We are what we eat

If there is one thing that all of us would agree upon, it is that we are a sum total of what we eat, drink and chew! That is probably how this saying ‘we are what we eat’ came to be and is gaining popularity. In a day and age where food has transcended geographic, sociocultural and religious boundaries, it is up to us to choose a healthy diet and consume wisely on a daily basis.

Right from our hunter-gatherer days, the human race has had to fight for food, but in different ways. We fought against wild animals and natural disasters to procure food in those days and are fighting against commercialisation of food and the associated health hazards in the present times. As advocates of healthy eating practices across peoples of diverse origins and backgrounds, we believe that if our relationship with food is healthy we can be healthy humans and if it is unhealthy we will lose our health and wellness quickly. Not just heart health, but the health of our blood vessels, skin, bones, muscles, nerves, hormones, sensory organs like eyes and ears, liver, lungs, kidneys and brain, and most importantly the health of our digestive system which hosts millions of microorganisms depends to a great extent on what we eat.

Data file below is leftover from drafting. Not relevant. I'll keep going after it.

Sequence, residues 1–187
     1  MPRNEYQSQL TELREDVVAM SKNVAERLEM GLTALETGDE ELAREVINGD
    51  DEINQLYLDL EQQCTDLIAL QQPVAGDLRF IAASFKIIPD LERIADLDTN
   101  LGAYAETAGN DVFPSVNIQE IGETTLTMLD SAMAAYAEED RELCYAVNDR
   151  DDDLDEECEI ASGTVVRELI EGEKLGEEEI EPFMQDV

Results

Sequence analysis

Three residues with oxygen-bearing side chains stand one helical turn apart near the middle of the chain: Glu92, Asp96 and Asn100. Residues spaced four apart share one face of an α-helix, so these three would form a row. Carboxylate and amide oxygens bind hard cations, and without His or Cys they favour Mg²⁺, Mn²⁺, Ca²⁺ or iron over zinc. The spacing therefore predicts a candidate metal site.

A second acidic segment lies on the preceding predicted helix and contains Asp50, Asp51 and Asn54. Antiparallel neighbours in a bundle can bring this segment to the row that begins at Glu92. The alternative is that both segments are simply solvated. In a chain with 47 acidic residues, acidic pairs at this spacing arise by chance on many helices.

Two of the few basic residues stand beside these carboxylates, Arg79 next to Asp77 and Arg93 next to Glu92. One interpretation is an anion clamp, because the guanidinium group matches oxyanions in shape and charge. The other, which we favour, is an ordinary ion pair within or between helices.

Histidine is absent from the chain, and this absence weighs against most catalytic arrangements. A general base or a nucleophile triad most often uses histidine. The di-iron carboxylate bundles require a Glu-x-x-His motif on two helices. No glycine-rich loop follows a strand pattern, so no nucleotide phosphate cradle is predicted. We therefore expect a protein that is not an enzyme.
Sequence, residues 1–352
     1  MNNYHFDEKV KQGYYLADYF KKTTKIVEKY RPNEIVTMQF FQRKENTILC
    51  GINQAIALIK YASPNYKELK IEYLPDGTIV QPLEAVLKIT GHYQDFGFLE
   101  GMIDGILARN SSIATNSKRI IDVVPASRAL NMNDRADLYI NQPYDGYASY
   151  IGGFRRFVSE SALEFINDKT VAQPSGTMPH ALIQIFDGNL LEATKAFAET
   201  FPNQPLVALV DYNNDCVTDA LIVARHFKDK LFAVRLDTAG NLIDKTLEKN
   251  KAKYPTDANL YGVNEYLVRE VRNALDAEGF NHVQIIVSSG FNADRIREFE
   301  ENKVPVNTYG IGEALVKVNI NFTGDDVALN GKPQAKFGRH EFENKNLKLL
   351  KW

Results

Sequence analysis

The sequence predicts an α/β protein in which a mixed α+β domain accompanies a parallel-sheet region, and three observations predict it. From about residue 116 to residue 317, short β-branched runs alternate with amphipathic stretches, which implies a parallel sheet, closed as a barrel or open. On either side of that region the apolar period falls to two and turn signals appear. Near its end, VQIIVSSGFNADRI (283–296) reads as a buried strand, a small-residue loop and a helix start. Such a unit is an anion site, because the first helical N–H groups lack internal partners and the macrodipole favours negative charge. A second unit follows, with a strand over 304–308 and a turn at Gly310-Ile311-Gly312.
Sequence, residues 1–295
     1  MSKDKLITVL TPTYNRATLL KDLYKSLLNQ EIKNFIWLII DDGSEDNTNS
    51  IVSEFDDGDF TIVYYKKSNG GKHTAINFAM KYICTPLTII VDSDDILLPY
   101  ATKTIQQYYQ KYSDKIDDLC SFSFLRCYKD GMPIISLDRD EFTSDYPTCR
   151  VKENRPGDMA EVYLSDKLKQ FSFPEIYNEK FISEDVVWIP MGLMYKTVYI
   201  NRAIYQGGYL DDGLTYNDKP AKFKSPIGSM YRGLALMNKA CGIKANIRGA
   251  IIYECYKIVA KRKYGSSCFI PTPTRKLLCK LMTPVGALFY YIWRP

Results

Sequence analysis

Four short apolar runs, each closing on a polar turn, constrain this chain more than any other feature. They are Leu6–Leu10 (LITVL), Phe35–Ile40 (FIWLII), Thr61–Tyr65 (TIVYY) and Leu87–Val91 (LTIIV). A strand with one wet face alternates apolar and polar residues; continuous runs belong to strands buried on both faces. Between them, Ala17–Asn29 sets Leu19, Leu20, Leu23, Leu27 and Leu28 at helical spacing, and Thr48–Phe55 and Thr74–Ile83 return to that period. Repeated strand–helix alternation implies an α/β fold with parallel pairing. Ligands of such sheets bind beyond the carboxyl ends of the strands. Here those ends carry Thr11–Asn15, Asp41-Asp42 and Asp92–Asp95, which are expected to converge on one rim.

A healthy relationship with food can go a long way in preserving health and preventing disease. Here are 5 things to ponder about and 5 habits to inculcate to ensure that we have a lasting healthy relationship with food.

  • How we feel about our food

A love and longing for water and food have kept us alive for millennia. The challenge today is to restore that unadulterated love and longing. Not just for water but for clean drinking water. And not just for food but for naturally available and minimally processed food. Once we re-establish that strong bonding with our food, we would better appreciate healthy food and stay away from the myriad unhealthy options available out there.

  • What we know about our food